My learnings as a founder: Part 2!

I really enjoyed the feedback received after my last post, so I thought I could write a sequel to it. Here goes…

(💡 First micro-tip: set smaller SMART* goals for yourself that are outside of growing revenue like, just as a ‘random’ example, … being more active on LinkedIn and engaging with all your cool connections 😄 )

Forging the path of founderhood can seem daunting, especially in the B2B SaaS space, but if you’ve determined that this is the path for you firstly, welcome to the club!

Here’s some more learnings I’ve gleaned over my years heading ForecaaS Software Inc. and ForecaaS Consulting / Services Conseils that would have been helpful to know from the start… so in case they can help anyone else, here they are:

🚪 Leave the door open for the unexpected
Chances are (very high) that what you set out to do won’t work exactly as you initially planned it. But your connections, your work, and the people you help along the way may open new paths. Yes, some of these paths might be dead ends, but some can help guide you towards a more meaningful offering.
Version 1 of your business plan may quickly become v28.3 and that’s ok – don’t let your business die at it’s first iteration for pride and rigidity. Be open to exploring these paths and develop a method to quickly assess their potential.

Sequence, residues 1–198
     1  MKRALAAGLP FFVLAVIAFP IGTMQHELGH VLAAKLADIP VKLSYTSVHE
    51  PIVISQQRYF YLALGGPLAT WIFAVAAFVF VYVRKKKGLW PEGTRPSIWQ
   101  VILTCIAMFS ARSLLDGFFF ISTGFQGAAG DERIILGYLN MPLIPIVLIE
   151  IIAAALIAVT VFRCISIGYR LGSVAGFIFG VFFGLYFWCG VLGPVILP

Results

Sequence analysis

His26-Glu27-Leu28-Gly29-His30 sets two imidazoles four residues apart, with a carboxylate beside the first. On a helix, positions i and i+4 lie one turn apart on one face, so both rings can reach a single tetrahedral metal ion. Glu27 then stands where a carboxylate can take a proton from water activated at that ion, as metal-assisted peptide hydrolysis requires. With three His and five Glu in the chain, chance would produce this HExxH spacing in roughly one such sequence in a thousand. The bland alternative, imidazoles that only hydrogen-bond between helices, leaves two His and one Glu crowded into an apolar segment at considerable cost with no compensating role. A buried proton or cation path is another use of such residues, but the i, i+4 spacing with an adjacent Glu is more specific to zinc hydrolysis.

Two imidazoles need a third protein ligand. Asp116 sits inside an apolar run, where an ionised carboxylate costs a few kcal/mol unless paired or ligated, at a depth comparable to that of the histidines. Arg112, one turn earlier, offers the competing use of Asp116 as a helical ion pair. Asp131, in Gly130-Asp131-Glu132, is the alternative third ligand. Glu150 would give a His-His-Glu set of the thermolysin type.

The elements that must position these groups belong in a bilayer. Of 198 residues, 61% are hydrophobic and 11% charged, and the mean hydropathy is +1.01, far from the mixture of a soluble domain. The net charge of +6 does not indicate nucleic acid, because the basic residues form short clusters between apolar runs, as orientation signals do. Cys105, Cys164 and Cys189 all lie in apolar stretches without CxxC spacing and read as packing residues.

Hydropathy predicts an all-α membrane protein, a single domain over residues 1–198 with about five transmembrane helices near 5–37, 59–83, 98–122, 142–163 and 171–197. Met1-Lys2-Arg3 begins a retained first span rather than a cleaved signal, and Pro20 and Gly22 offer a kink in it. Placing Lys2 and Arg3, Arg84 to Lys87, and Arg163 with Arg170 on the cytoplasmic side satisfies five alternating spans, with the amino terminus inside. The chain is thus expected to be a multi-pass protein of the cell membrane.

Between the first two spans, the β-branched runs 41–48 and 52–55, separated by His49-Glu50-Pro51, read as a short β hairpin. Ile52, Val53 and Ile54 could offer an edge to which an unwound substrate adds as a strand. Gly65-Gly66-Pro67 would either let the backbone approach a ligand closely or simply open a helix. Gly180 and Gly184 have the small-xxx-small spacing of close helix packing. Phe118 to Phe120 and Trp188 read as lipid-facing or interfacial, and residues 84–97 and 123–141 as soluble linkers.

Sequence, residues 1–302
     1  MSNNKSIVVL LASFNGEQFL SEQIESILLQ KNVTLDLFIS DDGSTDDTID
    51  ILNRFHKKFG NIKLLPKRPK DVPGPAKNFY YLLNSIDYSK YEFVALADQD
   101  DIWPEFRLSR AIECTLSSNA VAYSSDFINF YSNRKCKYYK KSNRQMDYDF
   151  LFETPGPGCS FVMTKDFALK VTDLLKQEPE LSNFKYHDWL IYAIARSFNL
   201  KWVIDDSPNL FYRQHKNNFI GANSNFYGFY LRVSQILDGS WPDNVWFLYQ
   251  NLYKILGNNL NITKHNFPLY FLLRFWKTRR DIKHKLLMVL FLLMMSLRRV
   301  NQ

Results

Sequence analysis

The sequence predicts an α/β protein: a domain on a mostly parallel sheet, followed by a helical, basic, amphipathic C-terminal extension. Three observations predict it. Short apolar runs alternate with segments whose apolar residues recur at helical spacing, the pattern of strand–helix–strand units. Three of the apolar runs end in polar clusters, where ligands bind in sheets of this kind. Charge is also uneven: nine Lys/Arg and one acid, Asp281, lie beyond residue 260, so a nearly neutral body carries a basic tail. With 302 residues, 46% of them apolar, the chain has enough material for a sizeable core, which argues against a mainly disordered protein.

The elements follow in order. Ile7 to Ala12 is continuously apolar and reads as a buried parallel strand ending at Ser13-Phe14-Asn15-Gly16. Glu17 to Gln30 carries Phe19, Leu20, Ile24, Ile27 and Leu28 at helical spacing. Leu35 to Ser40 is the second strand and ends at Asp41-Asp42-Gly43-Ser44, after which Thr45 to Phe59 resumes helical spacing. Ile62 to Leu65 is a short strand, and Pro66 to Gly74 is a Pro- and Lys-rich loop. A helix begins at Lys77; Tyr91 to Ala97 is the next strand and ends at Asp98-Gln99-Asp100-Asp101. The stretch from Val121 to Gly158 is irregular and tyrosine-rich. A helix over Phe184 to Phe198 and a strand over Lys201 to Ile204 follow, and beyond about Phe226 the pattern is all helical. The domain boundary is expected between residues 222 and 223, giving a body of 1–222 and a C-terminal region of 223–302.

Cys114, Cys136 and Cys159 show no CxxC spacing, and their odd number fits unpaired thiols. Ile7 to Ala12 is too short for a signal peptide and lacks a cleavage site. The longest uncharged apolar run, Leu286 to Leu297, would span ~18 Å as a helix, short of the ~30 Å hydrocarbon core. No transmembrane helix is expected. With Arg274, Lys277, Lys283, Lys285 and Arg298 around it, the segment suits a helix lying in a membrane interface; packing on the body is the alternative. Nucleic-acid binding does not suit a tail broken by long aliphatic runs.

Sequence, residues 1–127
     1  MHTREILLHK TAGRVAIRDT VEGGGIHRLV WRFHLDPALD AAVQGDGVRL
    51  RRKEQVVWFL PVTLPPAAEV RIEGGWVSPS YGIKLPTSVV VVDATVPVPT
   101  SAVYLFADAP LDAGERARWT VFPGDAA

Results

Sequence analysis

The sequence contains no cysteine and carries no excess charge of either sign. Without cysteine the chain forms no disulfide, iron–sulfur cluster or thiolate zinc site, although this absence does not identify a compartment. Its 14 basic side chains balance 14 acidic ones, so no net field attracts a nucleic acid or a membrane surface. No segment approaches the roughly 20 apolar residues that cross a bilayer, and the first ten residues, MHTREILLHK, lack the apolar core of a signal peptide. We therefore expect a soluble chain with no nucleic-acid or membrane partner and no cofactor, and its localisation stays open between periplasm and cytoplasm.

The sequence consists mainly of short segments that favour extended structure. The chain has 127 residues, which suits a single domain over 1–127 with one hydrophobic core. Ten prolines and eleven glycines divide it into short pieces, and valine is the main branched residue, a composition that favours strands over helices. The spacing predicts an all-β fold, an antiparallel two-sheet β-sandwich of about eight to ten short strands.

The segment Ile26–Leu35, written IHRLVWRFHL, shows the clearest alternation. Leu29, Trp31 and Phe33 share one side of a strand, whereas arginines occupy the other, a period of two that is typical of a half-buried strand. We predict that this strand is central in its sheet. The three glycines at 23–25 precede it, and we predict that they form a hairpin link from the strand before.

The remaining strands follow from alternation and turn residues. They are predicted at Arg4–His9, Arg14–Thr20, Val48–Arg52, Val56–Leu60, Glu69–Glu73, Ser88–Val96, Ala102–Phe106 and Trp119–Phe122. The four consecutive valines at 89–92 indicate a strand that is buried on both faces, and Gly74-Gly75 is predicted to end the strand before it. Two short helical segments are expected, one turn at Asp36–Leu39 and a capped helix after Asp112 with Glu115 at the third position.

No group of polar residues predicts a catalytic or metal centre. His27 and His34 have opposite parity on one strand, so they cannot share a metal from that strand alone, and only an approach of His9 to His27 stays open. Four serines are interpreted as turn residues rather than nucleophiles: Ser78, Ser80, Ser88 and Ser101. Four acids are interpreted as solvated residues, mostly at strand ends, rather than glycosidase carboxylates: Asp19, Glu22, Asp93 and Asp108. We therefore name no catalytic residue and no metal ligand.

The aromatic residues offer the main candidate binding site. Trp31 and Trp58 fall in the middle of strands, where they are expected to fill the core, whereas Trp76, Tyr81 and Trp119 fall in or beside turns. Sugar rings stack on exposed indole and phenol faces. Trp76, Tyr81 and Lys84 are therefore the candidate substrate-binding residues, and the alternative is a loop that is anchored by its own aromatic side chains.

🤝 Don’t be a loner
Having your own business to run your way can seem like a huge benefit, especially after… ‘complicated’ work environments. But going at it alone can end up feeling quite lonely at first and it’s easy to get lost in your own ways, even after your first few hires. Instead, identify key individuals that can help you reframe and expand on your ideas and act as a sounding board.
And they don’t have to be company hires – ex colleagues & bosses, family members, and even key executives working in companies that hire your business (yes your clients!) can help you form an unstructured advisory board.

🔥 How you sell is a reflection of how you solve (stole that one from Pierre… thanks!)
A prospect’s first impression of you is established via the initial touchpoints of your sales cycle, and hard to reverse. If it’s a painful experience, it sets the tone for a painful project delivery afterwards.
Focus on creating a great client experience right from the start and remember: this includes the resources prospects have to self-serve and initially contact you. The more seamless those initial touchpoints and informed the first conversations are, the more confidence they’ll have in your ability to help and will turbo-charge your project kick-off as a result.

Anyone else have more lessons to share? Add them in the comments!

*SMART = Specific, Measurable, Achievable, Relevant, and Time-bound